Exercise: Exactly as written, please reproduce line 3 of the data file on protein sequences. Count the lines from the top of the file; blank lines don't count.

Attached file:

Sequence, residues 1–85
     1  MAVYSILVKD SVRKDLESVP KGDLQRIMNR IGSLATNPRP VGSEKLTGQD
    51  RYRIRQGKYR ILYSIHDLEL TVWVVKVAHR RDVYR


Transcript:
    51  RYRIRQGKYR ILYSIHDLEL TVWVVKVAHR RDVYR